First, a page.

The Appalachian Trail stretches from Georgia to Maine, running 2,180 miles over mountains, rocky slopes, and deep valleys. Since it was established in 1925, the Appalachian Trail Conservancy (ATC) has cared for the trail, maintaining 250,000 acres of public land. The organization educates hikers on Leave No Trace camping and why it's not a good idea to challenge a bear to a hugging contest.
Volunteers and trail crews build and repair shelters along the footpath and engage youth and community members in outdoor activities. In addition to these human-oriented services, the ATC works to protect endangered species living along the trail and to preserve the land's watershed streams and migratory corridor.
The Museum of the Shenandoah Valley includes 6 acres of lush gardens and a purpose-built museum facility designed by architect Michael Graves. Visitors can marvel at the exterior of the Glen Burnie Historic House as they explore the unique design and languid paths of the public gardens, which knit together the stately Grand Allée, the mini Hidden Garden, and a tranquil water garden that flooded the original garden of old chia pets. The museum showcases four main galleries, displaying Valley memorabilia, a Civil War exhibition, and a collections of miniature houses and rooms, paintings, furniture, and portraiture dating to the mid-eighteenth century to the formerly private collection of benefactor Julian Wood Glass Jr.
Established in 1832, J.J. Gillespie Gallery furnishes its walls with a wide range of art from American and international artists. In an attached workshop, a master framer meticulously preserves keepsakes inside custom wood or metal frames. The gallery also hosts an onsite art expert, who can appraise oil-based works or clean and restore them to their former luster.
With an interest in fine art and a dream of owning his own business, Rick Turner felt like he didn’t quite belong at his job with the federal government. So, in 1973, Rick left his office gig behind and took a risk by opening his own shop. Settling into a quaint historic building, Rick enlisted his sister Lorraine to work in the shop. When the two started feeding large frame mouldings through a back window, they realized they needed a bigger space.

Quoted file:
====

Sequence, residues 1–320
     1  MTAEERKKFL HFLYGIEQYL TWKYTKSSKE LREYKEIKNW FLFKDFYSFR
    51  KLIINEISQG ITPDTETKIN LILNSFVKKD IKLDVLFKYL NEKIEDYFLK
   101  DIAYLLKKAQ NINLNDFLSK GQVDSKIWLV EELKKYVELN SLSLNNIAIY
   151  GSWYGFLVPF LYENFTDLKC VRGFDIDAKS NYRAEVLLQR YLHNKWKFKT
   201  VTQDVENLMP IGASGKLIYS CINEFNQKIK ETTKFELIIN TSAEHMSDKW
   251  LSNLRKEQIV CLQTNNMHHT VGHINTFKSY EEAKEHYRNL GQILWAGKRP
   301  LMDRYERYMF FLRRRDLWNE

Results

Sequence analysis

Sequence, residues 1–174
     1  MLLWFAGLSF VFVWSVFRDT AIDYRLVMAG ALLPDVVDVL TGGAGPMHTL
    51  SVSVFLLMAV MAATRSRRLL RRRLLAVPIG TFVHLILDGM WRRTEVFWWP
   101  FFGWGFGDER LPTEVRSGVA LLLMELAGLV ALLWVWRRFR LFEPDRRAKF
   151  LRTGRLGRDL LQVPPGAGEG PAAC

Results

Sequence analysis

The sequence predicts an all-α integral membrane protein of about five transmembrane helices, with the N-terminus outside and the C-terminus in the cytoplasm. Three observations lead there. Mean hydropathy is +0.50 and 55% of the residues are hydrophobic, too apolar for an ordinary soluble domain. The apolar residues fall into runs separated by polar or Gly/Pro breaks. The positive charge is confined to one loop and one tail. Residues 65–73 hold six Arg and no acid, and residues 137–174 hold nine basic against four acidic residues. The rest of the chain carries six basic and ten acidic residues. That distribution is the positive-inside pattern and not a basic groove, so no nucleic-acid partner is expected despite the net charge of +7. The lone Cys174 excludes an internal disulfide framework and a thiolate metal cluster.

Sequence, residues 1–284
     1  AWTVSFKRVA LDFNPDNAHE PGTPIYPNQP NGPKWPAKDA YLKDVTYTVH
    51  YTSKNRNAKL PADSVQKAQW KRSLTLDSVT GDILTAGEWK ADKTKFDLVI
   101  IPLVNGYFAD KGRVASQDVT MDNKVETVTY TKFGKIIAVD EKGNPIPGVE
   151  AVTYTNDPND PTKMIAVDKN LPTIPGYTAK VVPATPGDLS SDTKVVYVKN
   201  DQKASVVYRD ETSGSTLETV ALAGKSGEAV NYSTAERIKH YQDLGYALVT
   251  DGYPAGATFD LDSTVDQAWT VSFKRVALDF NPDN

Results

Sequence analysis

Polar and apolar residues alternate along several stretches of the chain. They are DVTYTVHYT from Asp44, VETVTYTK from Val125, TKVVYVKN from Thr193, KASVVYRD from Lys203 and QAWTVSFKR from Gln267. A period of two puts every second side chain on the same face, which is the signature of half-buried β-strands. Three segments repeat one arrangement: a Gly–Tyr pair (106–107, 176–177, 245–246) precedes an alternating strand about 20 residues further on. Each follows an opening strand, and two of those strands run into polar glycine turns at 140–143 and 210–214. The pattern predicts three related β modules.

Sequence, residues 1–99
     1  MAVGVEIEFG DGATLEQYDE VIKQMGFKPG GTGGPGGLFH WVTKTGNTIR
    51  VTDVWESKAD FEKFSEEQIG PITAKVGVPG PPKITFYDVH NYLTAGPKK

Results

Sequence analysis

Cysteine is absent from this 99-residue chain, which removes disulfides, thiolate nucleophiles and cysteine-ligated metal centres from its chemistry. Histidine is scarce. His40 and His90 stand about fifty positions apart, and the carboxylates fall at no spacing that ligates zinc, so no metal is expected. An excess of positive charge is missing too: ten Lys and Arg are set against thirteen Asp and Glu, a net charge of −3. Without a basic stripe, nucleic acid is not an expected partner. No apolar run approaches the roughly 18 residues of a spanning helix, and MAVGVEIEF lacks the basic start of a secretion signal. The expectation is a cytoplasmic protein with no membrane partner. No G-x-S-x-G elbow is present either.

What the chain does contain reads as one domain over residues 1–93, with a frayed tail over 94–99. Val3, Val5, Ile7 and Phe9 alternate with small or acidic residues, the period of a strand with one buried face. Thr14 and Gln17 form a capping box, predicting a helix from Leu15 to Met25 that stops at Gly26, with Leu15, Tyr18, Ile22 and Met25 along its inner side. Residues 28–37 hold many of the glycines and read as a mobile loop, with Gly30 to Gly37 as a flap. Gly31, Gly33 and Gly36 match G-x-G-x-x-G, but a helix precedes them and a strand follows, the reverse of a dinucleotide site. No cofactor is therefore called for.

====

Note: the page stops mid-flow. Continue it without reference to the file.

Today, at Turner Framing locations in Sterling and Seneca Square, the certified picture framers preserve children's artwork, needlepoint pieces, photographs, diplomas, and hole-in-one golf balls with museum-quality materials similar to those used in protecting King Tut's vacation photos.
Rising six floors above the historic Strip District, the Senator John Heinz History Center's handsome, redbrick exterior houses 275,000 square feet of exhibits and materials devoted to Western Pennsylvania. Long-term exhibits include From Slavery to Freedom, which traces the quest for equality from the antislavery movement to the modern struggles for Civil Rights, using indenture, manumission, and freedom papers from the Allegheny County recorder of deeds as starting points. Pittsburgh: A History of Innovation highlights the land's original inhabitants, the journey of Lewis and Clark, and the modern superhighways, whereas the Western Pennsylvania Sports Museum delves into the history and lore of local athletics, from the Steelers? Immaculate Reception to Bill Mazeroski's title-clinching home run in game seven of the 1960 World Series. The museum also hosts nationally renowned traveling exhibits; click to see a list of current exhibits.
Perched in the Steel City's Cultural District downtown and staffed by passionate volunteers, the nonprofit ToonSeum pays homage to the art of the cartoon with rotating exhibits, kids' classes, and hands-on entertainment for all ages. Exhibitions have ranged from collections of original work to special displays honoring artists such as Pennsylvania native, Keith Haring. Contributing to the museum's ongoing educational mission, local cartoonists often donate their own time to teach fun-filled workshops or share the bleak realities of living with a talking cat.